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AGP - A New Interface for Graphic Accelerators

Three Different Flavors

This leads to the question if you have to use DIME to benefit from AGP. The answer even provided by Intel is 'NO'.

  • You can use AGP without using the DIME feature at all. In this case the graphic accelerator is just benefiting from the much higher transfer rates than PCI. The 'sidebands' can be used, but they don't have to. Without 'sidebanding' the transfer rate is already 266 MB/s, which is double of what a stand alone PCI graphics card would get. Here the access can (as with PCI cards as well) either use PIO or DMA to transfer the data from main memory into the frame buffer of the graphic accelerator.
  • The majority of graphic accelerators will most likely use DIME, thus saving on board texture memory and hence making the card cheaper without loosing performance. Of course these cards should be using the 'sidebands' to enable 'x2' mode.
  • The high end versions will most likely use DIMEL (Direct Memory Execute and Local also). Often used textures would be stored in a (large) on board local memory, less frequently used ones would reside in the AGP RAM. These cards will come with a lot of memory on board, like e.g. the (expensive but fast) Diamond Fire GL 4000 (PCI) with its 32 MB RAM already shows. Even Intel admits that high end solutions will still have a very large local memory, but will be too expensive for mainstream.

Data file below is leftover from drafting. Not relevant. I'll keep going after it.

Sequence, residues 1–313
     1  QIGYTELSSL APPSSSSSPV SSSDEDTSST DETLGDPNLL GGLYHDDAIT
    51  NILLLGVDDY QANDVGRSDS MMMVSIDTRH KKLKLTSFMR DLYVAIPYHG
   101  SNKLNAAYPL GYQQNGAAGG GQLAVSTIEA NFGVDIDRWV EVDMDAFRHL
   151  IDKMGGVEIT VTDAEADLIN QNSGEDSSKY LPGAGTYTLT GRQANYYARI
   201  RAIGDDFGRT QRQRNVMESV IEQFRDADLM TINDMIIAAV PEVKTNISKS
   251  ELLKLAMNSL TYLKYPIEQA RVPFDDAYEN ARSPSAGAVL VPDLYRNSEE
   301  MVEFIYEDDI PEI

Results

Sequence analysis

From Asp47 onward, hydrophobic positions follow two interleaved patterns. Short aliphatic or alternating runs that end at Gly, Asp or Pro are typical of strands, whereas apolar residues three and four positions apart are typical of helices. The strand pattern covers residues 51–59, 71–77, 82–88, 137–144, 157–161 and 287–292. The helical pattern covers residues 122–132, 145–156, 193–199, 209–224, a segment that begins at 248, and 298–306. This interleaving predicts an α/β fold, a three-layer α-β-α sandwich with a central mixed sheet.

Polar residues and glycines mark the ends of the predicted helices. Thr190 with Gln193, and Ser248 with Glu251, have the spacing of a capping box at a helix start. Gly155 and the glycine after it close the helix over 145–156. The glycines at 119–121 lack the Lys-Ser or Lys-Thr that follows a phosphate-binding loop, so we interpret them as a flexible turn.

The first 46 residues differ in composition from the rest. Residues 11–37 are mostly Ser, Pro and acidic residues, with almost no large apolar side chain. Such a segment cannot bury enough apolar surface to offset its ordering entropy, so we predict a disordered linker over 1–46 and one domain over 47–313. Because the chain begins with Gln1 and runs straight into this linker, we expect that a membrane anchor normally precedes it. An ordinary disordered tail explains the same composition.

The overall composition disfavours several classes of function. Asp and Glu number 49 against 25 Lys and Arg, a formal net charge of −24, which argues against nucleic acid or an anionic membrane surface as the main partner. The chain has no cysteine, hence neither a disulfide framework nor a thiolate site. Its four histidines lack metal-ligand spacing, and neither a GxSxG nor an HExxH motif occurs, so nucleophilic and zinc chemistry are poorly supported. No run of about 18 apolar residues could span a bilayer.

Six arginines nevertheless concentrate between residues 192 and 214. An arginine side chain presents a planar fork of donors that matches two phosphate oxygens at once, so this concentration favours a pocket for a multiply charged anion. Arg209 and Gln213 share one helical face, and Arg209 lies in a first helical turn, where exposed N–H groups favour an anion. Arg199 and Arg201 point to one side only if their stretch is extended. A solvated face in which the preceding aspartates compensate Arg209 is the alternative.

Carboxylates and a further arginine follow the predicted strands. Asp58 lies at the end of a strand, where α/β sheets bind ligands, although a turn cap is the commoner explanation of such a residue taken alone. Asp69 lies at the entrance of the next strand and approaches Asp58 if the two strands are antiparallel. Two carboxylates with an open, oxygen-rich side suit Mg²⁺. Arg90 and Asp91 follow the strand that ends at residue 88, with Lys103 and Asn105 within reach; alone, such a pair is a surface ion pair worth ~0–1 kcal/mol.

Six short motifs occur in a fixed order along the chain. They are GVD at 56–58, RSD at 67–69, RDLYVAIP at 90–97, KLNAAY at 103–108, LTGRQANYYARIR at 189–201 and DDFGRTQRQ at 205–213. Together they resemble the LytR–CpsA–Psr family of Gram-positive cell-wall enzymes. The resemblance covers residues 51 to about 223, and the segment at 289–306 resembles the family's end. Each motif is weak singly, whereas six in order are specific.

Shall We Go And Buy AGP Boards Now ?

The answer is yes and no. As you will see from my benchmark results, currently there isn't much to AGP at all. However the SDRAM support and the upgradeability (to AGP) of 440LX chipset boards will be a great advantage over the 440FX Pentium II boards. It will probably take at least until NT 5 and Memphis are released until there will be a really visible performance boost from AGP.

AGP and 3D Graphics Software by Intel - a must read for everybody who wants to know more about AGP

ACCELERATED GRAPHICS PORT INTERFACE SPECIFICATION also by Intel

AGP FAQ

AGP Support in Windows 95 and Windows NT from Microsoft

The Accelerated Graphics Port (AGP) - A Diamond Multimedia White Paper